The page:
A plan to raze a Larchmont Manor mansion built in 1896 and develop up to four new homes on four lots on the current property has been met with community outrage and swift local response.
The iconic property at 40 Ocean Avenue in Larchmont, known as “The Orchard,” is the former home to Miriam Curnin, who served as both the Village’s Mayor and the Chairman of the Board of Trustees of Larchmont Library.
According to public records, the home went to contract October 30, 2015 and sold for $4,999,000.
10 Ocean Avenue is zoned as R-15, or 15,000 square feet for one residence. A variance would not be needed because, according to sources in the Village, the Ocean Ave property is well over 60,000 square feet, so up to four 15,000 square feet lots would easily fit.
Larchmont resident Theresa Viti Finck, who has been working to stop a 4- unit subdivision at 5 Vanderburgh Ave. in Larchmont, writes, “Developers are well funded, well informed and will push our zoning laws to the limit. We need to make a strong showing to our village officials that we expect and will support their vigilance in approving and monitoring construction projects.”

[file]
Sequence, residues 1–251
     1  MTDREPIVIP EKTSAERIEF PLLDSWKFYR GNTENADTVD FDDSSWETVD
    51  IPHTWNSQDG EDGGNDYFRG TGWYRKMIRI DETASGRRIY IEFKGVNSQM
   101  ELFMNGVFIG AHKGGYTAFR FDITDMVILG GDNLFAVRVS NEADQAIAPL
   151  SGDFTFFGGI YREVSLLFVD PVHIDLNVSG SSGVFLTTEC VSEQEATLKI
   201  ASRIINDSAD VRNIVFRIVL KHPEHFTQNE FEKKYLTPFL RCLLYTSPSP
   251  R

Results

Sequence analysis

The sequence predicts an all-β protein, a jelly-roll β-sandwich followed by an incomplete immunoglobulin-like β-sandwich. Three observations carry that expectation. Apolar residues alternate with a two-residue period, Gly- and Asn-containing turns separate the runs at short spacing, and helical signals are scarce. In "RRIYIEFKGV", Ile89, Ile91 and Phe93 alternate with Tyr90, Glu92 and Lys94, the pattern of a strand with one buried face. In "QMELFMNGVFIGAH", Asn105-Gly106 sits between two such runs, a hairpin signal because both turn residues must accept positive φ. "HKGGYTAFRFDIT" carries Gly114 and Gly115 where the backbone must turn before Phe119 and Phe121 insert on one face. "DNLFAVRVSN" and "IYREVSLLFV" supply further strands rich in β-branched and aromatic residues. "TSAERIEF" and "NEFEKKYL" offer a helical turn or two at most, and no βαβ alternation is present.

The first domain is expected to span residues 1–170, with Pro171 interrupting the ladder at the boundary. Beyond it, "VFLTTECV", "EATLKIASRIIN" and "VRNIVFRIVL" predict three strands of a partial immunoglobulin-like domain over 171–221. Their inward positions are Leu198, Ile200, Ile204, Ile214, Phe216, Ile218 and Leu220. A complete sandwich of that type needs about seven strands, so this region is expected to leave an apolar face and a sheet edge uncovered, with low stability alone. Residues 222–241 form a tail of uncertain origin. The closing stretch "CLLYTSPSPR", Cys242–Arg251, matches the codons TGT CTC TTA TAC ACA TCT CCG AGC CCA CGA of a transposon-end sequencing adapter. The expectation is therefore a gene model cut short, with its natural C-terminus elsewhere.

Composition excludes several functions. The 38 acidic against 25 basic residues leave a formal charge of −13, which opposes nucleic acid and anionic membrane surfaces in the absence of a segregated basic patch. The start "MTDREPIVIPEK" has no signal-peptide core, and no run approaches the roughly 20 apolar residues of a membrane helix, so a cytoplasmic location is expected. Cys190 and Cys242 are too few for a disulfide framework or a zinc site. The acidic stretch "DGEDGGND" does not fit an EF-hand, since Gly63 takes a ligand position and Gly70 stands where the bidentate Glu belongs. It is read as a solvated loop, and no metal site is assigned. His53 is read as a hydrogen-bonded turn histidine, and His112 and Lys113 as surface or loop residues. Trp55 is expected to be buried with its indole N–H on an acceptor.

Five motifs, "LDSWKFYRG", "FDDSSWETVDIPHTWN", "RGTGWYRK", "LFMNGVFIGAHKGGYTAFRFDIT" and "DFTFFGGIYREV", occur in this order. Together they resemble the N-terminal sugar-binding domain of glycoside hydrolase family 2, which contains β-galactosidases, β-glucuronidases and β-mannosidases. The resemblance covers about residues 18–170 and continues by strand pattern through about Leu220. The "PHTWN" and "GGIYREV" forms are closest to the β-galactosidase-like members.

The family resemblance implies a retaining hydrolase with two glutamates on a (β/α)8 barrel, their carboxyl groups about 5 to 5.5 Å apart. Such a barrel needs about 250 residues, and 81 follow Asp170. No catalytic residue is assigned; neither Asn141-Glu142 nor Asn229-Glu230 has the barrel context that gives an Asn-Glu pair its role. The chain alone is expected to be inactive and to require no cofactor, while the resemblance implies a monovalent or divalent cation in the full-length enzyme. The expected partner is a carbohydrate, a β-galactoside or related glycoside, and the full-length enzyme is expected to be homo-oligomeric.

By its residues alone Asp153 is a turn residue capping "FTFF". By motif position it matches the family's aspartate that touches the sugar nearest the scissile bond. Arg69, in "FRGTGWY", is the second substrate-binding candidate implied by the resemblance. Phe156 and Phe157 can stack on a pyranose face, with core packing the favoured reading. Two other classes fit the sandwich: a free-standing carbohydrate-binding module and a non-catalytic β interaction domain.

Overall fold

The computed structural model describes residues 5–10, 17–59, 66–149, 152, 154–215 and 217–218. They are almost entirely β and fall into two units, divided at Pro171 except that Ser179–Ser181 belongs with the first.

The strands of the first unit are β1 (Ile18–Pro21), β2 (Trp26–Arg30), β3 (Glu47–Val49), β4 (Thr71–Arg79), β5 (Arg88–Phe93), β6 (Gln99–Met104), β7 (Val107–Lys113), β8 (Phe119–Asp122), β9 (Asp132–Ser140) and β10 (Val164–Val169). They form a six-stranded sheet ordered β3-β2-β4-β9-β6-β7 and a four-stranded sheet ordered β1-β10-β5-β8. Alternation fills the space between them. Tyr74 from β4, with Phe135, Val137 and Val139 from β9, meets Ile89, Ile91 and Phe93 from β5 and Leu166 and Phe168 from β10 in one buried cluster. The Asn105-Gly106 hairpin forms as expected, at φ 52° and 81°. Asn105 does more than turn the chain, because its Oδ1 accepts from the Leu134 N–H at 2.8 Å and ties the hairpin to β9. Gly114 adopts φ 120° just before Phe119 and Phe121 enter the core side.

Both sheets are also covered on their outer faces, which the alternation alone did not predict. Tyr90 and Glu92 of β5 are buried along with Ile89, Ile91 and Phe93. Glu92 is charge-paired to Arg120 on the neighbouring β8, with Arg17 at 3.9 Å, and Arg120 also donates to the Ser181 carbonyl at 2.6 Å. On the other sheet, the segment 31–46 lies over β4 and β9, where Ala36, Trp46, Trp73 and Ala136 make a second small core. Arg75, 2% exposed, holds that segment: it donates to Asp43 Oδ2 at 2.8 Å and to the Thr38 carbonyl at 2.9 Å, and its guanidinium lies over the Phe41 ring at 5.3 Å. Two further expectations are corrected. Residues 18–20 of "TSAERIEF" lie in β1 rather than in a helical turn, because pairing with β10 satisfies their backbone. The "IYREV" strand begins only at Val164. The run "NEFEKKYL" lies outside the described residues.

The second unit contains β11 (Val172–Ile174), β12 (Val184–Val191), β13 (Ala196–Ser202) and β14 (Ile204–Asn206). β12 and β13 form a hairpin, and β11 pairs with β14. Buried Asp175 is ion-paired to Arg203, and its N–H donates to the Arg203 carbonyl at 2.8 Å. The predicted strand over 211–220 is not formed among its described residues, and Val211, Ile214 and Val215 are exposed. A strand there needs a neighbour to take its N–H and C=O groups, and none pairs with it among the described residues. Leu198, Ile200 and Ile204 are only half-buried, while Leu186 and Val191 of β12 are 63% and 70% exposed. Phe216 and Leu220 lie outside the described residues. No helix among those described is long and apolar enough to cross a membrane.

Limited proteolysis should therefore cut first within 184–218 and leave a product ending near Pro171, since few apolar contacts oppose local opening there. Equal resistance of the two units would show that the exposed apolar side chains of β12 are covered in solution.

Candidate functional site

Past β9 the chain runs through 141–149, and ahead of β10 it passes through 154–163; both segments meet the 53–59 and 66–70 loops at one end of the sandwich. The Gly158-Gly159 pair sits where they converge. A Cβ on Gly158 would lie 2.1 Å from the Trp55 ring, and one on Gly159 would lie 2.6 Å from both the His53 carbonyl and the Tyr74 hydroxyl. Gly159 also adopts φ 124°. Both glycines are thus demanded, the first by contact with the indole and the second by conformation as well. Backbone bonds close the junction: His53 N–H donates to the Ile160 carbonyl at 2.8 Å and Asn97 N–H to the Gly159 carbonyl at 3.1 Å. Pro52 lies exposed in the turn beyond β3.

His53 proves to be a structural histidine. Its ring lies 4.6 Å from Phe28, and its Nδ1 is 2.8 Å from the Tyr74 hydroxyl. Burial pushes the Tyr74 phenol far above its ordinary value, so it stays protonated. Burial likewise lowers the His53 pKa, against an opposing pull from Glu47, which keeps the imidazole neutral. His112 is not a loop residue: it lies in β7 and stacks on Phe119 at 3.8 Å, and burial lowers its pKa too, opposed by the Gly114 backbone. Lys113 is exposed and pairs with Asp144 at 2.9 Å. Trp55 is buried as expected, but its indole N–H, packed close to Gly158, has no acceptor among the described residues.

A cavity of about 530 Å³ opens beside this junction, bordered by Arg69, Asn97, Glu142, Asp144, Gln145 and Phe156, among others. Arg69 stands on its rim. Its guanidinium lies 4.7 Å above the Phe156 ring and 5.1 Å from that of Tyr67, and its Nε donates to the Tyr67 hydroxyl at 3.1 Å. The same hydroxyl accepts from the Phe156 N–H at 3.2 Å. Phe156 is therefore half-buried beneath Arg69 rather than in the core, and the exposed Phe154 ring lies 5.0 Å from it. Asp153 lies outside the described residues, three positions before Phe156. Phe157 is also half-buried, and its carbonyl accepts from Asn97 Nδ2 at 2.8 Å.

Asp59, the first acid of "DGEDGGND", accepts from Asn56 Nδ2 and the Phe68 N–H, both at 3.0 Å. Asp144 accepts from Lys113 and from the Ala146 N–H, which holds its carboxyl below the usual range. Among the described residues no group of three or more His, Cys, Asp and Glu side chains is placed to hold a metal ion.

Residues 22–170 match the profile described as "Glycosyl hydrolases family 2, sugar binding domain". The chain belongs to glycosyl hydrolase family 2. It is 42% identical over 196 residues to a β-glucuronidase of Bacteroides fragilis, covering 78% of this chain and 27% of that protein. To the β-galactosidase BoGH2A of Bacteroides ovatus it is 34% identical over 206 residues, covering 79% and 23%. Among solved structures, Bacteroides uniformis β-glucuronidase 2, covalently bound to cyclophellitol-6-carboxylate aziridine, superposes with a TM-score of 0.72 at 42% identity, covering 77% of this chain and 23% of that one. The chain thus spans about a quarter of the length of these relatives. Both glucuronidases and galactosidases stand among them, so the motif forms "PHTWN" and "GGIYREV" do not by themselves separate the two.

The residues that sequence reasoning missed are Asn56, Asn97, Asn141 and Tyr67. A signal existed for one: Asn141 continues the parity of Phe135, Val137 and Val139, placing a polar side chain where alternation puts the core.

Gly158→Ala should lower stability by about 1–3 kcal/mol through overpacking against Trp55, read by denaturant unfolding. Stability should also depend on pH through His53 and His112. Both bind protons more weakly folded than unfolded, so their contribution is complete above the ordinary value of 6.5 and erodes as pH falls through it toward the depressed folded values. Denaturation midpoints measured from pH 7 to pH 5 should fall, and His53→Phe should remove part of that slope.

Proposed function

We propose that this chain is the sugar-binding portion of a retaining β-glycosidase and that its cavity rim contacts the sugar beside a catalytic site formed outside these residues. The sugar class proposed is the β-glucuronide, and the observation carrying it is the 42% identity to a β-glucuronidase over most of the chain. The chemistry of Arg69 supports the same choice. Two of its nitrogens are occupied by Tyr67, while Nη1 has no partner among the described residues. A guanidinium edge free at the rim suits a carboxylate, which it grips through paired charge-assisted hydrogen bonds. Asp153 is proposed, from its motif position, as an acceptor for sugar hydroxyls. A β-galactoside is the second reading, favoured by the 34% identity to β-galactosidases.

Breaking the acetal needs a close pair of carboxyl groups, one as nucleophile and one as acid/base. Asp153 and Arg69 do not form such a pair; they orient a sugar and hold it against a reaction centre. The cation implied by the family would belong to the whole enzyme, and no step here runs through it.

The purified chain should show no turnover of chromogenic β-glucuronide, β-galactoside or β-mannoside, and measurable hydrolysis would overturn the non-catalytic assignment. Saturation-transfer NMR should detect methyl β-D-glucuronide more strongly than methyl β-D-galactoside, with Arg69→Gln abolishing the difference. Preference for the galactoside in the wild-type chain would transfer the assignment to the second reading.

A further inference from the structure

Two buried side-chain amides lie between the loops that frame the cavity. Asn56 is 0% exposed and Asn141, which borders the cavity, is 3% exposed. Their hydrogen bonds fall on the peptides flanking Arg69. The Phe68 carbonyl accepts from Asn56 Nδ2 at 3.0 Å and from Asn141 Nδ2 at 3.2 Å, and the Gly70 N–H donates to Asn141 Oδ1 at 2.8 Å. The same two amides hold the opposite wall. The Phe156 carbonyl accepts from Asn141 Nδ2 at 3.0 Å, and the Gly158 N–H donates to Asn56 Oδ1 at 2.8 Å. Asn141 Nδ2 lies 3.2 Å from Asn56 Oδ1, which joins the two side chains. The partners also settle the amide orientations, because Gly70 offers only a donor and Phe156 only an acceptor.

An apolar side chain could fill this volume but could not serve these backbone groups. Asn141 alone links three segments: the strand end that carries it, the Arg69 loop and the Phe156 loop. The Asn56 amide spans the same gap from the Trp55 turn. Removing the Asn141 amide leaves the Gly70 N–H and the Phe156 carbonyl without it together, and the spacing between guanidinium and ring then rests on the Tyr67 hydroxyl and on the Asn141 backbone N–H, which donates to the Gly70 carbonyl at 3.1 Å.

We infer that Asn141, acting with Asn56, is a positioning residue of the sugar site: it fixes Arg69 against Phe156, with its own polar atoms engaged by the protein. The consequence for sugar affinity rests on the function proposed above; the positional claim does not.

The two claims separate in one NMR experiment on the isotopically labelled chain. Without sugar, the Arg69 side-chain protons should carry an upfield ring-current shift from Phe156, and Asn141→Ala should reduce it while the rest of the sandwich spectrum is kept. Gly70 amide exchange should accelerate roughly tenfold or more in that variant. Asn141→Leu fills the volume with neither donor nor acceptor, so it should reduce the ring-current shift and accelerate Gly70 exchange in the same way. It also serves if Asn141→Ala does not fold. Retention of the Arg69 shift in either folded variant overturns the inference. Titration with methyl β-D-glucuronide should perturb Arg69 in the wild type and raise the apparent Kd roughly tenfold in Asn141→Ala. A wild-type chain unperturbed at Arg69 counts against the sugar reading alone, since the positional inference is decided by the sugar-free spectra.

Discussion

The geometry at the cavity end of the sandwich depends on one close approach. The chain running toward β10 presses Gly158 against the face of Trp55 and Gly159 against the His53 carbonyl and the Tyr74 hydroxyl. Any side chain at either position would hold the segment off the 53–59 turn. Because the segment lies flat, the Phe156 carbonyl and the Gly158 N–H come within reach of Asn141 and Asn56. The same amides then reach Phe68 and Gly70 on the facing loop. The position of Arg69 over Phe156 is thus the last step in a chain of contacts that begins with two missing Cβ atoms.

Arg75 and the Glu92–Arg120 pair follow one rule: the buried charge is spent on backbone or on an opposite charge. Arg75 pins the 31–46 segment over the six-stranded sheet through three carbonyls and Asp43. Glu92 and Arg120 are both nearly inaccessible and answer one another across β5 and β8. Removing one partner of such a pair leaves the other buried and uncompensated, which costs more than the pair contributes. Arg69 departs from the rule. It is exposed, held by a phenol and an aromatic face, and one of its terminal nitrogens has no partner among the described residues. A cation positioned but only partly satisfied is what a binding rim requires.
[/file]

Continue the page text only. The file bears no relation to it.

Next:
The Vanderburgh property is zoned R-5, and plans are still being discussed for the four new houses there which presently comply with Village Code. (This will be again discussed at the next Planning Board Meeting in the Village Courtroom Dec. 7)
A petition drive begun by the group savelarchmont.org, organized by a committee of residents, reads,
“In the last few years, we have all watched as Developers have targeted Larchmont, tearing down old, single-family homes, subdividing the lot and installing several new Development houses. Decisions like this are ruining the character and charm of Larchmont, and eventually impact the overall value of all homes in our community.”
Save Larchmont has encouraged residents to email or call the Village to say that present Village law is not adequate to protect the Village from over-development.
This week, The Village Board of Trustees responded on the village website, announcing that the Board will begin reviewing Village Code.
“The Village has received many messages from concerned residents about the increase in tear downs and subdivisions in the Village,” the Board writes. “Each application is subject to the jurisdiction of the Village’s independent land use boards, Planning, Architectural Review and, if necessary, the Zoning Board of Appeals…. The Village Board is initiating a review of its Village Code, which includes the local law on zoning, site plan review, demolition and subdivision of land.
Mayor Anne McAndrews told theLoop, “We have engaged a planner for the overall study of the Zoning Code of the Village.” The last comprehensive review was over ten years ago.
The Town of Mamaroneck, a separate jurisdiction, is considering a moratorium on similar projects until further study is done.
A neighborhood meeting for nearby residents Sunday 12/6 at 4:00 at 10 Walnut Ave will be held to discuss the proposed development at 40 Ocean Avenue.